Off Broad Street

by Ray Neveil

I was born in Newark on Oct.1, 1923 at the old Beth Israel Hospital on what was then High Street. We lived at #4 Plum Street - a street no longer in existence that ran from Washington Street to Plane Street (Now University Avenue) between Raymond Boulevard and Warren Street (Plum Street was named for the Plume family - an old time Newark family. They owned most of the brick row houses on Plum Street and had a rental office somewhere downtown).

My mother ran a rooming house at that location. Rooming houses were popular in that era - before the days of motels there were either hotels or rooming and/or boarding houses.

My grandmother owned two rooming houses at 175 and 179 Washington Street. The back yard of 175 conveniently faced #4 Plum Street. The front of 179 Washington Street. faced the Cedar Street Subway. The subway was very active at the time, being used by several trolley lines. It ran from Washington Street to a loop in the basement of the old Public Service terminal. There was a station on Broad Street in the basement of the old Kresge's department store and McCrory's 5 & 10. I used to set in the living room of #179 and watch the trolleys enter and leave the subway and dream of far away places. One time my grandmother took me for a ride on the #43 line to Jersey City and back - I thought I was in heaven! The subway is still there but not in use - being fenced off at the Washington Street entrance and probably walled-off in the vicinity of the old terminal. I understand they might use a portion of the east end which had a connection to the City Subway, for the new light rail line from the Lackawanna Broad Street Station to Pennsylvania Station to Elizabeth. We also frequently took the trolley from the Public Service Terminal to my paternal grandparents in Sewaren on the old Fast Line!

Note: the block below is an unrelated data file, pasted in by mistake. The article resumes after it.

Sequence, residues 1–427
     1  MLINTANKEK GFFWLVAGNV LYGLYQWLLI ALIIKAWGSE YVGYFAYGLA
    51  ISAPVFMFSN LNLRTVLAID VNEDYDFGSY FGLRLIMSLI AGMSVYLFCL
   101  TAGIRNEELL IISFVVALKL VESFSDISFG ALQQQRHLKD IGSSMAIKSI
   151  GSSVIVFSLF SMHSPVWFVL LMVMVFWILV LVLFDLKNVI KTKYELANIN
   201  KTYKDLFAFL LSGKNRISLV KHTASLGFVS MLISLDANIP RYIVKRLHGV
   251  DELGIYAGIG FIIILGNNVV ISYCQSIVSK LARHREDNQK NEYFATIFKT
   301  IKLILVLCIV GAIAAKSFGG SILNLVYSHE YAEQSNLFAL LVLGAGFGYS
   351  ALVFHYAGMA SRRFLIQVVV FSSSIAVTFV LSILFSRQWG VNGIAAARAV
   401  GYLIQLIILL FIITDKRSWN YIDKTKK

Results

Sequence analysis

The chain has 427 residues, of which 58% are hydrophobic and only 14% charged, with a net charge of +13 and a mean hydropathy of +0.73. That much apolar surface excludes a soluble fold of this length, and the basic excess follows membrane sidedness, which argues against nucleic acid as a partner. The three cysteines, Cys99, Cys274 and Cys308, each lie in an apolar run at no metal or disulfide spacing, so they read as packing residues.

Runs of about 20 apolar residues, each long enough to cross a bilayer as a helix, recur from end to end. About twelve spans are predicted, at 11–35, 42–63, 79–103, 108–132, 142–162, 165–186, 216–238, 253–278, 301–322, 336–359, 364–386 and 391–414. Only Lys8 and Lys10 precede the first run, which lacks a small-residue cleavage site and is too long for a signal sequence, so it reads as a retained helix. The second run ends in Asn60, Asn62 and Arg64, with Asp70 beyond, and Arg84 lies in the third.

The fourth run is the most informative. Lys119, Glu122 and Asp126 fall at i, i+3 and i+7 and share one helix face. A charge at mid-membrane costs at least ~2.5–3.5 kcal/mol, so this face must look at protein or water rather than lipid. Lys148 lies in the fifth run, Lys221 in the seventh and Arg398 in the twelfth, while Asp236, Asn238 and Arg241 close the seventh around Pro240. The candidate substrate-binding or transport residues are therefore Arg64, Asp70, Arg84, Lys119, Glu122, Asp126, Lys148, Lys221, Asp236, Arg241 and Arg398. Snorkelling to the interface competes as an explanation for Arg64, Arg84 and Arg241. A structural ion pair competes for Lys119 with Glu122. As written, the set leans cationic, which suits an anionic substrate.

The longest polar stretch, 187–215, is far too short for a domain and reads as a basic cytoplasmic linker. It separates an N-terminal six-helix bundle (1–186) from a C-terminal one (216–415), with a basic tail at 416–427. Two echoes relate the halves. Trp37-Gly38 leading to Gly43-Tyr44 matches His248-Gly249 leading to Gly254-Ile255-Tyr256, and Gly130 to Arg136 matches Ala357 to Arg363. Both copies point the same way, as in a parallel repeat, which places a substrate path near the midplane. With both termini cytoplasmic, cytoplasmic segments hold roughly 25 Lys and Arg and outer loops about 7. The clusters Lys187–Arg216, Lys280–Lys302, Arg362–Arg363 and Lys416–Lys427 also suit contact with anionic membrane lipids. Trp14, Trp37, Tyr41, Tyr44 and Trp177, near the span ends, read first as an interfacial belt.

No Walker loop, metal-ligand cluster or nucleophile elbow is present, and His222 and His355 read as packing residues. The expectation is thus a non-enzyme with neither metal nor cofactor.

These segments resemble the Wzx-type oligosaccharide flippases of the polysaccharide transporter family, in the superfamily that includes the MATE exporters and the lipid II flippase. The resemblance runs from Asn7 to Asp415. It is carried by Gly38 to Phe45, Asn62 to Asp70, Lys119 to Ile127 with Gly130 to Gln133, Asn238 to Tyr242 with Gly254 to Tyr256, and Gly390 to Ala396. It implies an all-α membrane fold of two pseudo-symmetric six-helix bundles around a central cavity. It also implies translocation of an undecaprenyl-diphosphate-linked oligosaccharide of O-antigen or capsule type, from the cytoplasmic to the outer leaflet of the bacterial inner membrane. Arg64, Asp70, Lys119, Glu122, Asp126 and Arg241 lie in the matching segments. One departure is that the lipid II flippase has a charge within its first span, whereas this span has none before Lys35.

When the houses on Plum Street, and Washington Street were demolished, we moved to Bloomfield in 1927 where we resided until 1991 at which time we moved to Brielle where we now live.

My grandmother moved to another rooming house at 54 Warren Street and also operated two other rooming houses at 238 and 240 Plane Street (University Avenue) until about 1962 all of which have been since demolished. At 242 Plane Street there was a Katz's furniture store. At the corners of Warren and Plane Streets, at the Southeast corner was a tavern called the Pink Poodle, on the southwest corner there was a Chinese noodle store, on the northwest corner was Kramer's butcher shop while on the northeast corner was Wishnie's paper store.

My familiarity with downtown Newark continued as I worked for New Jersey Bell on Broad Street from 1946 to 1983 so we frequently took walks downtown to the old Child's restaurant on Broad Street as well as Schraffts, Hahne's and Kresge's, Kelly's seafood on Park Place and the Oyster bar in the Public Service Terminal - the good old days!

Ray Neveil is President of Citizens Against Tolls, Inc


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